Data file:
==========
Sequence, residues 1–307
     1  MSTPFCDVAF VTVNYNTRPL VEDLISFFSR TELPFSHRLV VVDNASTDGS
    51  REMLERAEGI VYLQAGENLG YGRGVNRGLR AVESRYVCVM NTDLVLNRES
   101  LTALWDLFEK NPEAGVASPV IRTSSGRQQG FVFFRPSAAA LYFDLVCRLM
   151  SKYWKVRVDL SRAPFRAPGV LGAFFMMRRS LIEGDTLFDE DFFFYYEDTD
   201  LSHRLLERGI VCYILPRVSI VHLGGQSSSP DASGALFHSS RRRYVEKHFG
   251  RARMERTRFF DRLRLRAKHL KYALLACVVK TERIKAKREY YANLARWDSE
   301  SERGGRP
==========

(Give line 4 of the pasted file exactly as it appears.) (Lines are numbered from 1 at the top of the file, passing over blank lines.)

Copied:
   101  LTALWDLFEK NPEAGVASPV IRTSSGRQQG FVFFRPSAAA LYFDLVCRLM